Jacksonville Plant Explosion At T2 Lab. Last month’s fatal Jacksonville plant explosion at T2 Laboratories produced a blast equivalent to the detonation of a ton of TNT, and most likely resulted from an overheated chemical chamber, investigators from the US Chemical Safety Board said yesterday. That steel cylindrical chamber, which stood 14 feet tall, was being used to mix chemicals for an ingredient in Ecotane, an octane-boosting gasoline additive that T2 Laboratories made at the Jacksonville plant.
The explosion at T2 Laboratories occurred 1:30 p.m. on Dec. 19. Witnesses to the Jacksonville plant explosion reported seeing a bright flash followed by a tremendous explosion. The blast was massive enough to blow open doors at a hotel several miles away, and shattered the windows of buildings nearby. Flames and a plume of smoke formed by the T2 Laboratories explosion shot at least 20 feet into the air, and could be seen for miles around.
T2 Laboratories makes gasoline additives and chemical solvents, and the chemicals used at the plant made the environment “incredibly dangerous for the first responders,” according to one Jacksonville Fire Department official. The official told the Associated Press that “explosions were generating all kinds of side brush fires and other kinds of blazes.” More than 70 firefighters and every hazardous-materials unit in Jacksonville reported to the scene, and crews used foam and other chemicals to fight the blaze.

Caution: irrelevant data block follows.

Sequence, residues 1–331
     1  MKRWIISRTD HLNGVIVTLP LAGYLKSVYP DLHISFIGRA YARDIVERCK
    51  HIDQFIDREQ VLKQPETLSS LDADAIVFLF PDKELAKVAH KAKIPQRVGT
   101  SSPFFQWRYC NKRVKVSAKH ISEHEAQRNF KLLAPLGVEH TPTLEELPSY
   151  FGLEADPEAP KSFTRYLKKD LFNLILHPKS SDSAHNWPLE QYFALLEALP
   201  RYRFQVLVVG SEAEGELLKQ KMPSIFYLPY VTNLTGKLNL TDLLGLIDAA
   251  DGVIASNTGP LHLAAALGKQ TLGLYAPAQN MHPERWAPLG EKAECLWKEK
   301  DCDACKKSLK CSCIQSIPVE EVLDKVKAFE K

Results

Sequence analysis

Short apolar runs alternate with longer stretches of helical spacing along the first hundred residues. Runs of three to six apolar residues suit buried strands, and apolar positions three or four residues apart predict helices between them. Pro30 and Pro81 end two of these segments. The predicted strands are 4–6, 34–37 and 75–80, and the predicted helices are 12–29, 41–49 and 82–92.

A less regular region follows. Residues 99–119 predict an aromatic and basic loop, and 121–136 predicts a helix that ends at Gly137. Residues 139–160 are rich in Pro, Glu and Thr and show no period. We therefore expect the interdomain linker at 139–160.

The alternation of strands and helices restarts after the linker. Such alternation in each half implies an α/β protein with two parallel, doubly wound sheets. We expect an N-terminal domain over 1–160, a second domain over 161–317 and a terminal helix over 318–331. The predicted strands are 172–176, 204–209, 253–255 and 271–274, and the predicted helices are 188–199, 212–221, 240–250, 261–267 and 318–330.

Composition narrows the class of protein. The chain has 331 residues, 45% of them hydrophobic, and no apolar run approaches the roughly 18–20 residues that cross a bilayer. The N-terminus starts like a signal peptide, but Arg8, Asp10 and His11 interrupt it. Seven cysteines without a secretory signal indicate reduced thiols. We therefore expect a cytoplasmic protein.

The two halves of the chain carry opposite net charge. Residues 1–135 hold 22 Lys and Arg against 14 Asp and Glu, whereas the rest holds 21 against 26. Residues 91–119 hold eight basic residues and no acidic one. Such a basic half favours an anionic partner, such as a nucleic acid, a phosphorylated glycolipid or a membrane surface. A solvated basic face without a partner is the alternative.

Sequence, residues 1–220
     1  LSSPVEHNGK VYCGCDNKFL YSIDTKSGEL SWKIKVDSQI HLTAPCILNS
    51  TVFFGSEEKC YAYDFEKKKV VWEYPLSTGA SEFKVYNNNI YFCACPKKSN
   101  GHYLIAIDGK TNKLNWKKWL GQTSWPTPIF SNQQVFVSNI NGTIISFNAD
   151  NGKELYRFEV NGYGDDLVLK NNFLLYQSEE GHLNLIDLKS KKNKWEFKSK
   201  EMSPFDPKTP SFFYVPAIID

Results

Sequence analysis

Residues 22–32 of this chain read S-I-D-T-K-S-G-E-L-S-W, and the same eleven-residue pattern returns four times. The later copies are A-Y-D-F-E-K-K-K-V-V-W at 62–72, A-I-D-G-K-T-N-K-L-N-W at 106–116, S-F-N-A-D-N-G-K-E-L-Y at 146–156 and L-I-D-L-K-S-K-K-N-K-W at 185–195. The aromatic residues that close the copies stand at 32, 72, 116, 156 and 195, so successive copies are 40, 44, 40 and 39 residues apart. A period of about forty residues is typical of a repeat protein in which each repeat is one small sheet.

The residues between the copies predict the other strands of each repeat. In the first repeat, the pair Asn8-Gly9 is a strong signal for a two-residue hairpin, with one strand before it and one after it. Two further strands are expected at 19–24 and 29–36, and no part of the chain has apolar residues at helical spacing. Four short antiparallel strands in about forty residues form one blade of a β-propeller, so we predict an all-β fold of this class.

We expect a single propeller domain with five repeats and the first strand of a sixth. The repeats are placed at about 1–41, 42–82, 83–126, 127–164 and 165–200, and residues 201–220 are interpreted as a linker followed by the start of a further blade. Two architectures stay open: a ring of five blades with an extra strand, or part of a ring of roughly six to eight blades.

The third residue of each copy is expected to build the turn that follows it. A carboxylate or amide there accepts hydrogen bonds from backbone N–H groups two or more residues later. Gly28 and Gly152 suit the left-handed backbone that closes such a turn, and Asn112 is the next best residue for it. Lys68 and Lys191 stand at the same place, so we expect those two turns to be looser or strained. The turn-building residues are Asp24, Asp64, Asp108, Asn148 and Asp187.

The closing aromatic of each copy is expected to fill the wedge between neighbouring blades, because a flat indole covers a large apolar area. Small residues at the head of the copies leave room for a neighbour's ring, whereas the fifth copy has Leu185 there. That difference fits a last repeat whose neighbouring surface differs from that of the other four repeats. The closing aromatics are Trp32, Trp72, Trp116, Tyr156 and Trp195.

Was Among the Most Powerful Ever Examined.
The US Chemical Safety Board is charged with investigating what one member said “was among the most powerful ever examined” by the 10-year-old board. A liquid solution of methylcyclopentadiene was being mixed with metallic sodium inside the plant’s mixing chamber. Vapors from methylcyclopentadiene can ignite at 80 degrees, according to safety warnings for the chemical solution. An employee at a nearby sandblasting company who witnessed the T2 Laboratories explosion previously told a Jacksonville newspaper that a pipe ruptured at the top of a tower on the property and a white cloud appeared before the explosion. Robert Hall, lead investigator for the U.S. Chemical Safety Board, said that rupture was caused by mounting pressure inside the chamber, which was designed to withstand force equal to “several thousand pounds” per square inch. When the chamber blew apart, pieces weighing hundreds of pounds were thrown up to a quarter-mile away. Hall said a huge fire that followed the explosion started when chemicals in the broken chamber were exposed to heat and oxygen
Four T2 Laboratories employees – co-owner Scott Gallagher and workers Karey Renard Henry Sr., Parrish Lamar Ashley and Charles Budds Bolchoz – died as a result of the Jacksonville plant explosion. At least 14 people were taken to hospitals, and one company employee remains hospitalized. People as far 750 feet away from the site of the Jacksonville plant explosion needed medical treatment, and buildings as far as 1,000 feet away sustained damage. At least three nearby businesses had buildings that city inspectors effectively closed because of their extensive damage.
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